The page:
PREFACE

The spirit of a three-year-old will be

kept until 100 — A Japanese saying

There are two principal themes in the present book. The first one concerns a

quadratic Diophantine equation of the form X^\-=1 (fijxixj — 7 ? where ip = (Pij)

is a symmetric matrix with coefficients in Z and 0 / g G Z. For given ip and q

a solution x = (x{) with Xi G Z is called primitive if the Xi have no nontrivial

common divisor. When the equation is of the form x\ +x\ + x\ = q, Gauss showed

in his Disquisitiones that the number of primitive solutions is an elementary factor

times the class number of primitive binary quadratic forms of discriminant —q. His

proof is roundabout; besides, though later researchers treated the cases of five and

seven squares and obtained the formula for the number of primitive representations

in terms of special values of Dirichlet L-functions, the connection with the class

number was never explained satisfactorily. In the present book I show that the

number of orbits of primitive solutions under a group of units is essentially the

class number of an orthogonal group of degree n — 1, in such a way that the fact

specialized to the case of three squares gives the result of Gauss in a more direct

way.

The other principal theme is a certain Euler product, the idea of which originated

in January 1961 when I presented a theory of Hecke operators for Sp(n, Q) in a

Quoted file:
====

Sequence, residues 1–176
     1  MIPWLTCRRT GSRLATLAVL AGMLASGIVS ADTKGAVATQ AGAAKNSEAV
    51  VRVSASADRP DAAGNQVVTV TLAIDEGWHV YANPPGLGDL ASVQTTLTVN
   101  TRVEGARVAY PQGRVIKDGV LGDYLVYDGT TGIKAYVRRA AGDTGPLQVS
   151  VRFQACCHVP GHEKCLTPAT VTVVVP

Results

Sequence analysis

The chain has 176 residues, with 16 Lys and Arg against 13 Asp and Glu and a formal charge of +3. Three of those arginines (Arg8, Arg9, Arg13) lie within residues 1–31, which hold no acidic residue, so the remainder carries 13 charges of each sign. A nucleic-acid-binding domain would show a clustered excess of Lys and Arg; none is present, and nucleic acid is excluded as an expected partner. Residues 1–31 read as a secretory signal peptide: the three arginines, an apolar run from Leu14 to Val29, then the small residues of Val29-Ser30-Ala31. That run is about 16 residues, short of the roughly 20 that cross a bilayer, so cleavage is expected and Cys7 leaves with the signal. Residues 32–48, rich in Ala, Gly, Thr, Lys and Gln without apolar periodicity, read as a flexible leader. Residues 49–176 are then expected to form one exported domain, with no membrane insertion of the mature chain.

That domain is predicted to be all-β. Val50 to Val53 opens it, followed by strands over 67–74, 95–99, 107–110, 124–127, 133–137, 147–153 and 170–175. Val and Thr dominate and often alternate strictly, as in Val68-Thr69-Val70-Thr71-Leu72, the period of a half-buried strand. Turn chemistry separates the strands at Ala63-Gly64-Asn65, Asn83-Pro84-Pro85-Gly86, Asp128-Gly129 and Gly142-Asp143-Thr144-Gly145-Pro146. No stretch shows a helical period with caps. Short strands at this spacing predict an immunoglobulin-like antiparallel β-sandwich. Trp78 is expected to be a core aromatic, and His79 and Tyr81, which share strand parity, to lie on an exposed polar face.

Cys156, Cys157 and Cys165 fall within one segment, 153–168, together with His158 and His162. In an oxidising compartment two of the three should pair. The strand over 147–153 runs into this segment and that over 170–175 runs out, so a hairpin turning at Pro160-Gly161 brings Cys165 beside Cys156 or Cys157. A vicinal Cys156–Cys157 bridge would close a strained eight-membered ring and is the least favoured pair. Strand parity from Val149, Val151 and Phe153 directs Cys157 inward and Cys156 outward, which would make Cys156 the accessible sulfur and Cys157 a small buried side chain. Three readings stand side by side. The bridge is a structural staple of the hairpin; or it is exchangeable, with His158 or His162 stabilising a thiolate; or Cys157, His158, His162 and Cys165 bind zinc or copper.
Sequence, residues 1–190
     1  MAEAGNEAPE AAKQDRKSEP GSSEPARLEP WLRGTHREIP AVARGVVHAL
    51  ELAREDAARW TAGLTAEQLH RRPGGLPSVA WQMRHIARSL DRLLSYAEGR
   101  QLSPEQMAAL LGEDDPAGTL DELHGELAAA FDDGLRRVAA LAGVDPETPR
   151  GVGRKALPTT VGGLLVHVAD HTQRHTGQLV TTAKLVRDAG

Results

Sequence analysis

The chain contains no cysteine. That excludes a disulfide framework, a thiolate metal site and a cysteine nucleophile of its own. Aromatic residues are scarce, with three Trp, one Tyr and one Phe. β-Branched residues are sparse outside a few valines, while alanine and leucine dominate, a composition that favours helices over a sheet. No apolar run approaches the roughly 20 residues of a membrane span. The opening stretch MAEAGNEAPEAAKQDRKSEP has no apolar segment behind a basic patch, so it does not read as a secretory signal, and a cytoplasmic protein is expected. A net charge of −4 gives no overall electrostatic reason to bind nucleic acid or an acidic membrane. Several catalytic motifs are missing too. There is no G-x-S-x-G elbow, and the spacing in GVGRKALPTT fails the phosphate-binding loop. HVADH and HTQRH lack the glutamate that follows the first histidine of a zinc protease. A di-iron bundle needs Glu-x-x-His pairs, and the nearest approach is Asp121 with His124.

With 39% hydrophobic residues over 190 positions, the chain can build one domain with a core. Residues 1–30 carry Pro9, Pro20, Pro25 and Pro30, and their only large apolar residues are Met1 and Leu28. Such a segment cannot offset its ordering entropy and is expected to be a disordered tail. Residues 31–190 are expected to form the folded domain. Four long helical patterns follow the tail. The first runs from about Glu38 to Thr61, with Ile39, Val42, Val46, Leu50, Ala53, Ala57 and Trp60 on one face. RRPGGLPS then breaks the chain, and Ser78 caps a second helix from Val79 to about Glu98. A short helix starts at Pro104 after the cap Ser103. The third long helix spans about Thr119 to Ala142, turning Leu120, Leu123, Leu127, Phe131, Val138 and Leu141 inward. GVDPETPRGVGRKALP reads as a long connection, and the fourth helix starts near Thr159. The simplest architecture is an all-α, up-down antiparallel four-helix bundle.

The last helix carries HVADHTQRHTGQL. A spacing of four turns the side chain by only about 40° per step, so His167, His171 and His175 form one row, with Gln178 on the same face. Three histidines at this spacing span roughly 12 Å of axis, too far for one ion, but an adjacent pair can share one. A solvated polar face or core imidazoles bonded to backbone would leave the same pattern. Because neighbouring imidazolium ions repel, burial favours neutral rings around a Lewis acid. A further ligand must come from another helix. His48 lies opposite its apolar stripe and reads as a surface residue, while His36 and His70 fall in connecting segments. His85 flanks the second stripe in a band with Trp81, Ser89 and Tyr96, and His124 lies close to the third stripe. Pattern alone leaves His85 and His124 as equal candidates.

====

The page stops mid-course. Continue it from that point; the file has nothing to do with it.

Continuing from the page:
seminar at the University of Tokyo. Taking the group of similitudes instead of

Sp{n, Q), I found, when n — 2, an Euler product of degree 4, and also a congruence

relation for each Euler p- factor. The results were published in a short article two

years later, and I turned my attention to other directions since then. Though I was

always conscious of this problem, I was unable to gain a clear perspective until a

few years ago, when I realized that I could treat it as a special case of the theory for

Clifford groups. A large portion of this book is devoted to a full exposition of the

theory including meromorphic continuation of Euler products and Eisenstein series

on such groups, attaining my desire 42 years ago in a more general setting. At

the same time we treat Euler products and Eisenstein series on orthogonal groups,

which are actually special cases of those on Clifford groups. One of the new points

of this work is that the gamma factors can be determined explicitly when the

automorphic forms in question are nonholomorphic eigenfunctions of differential

operators.

vii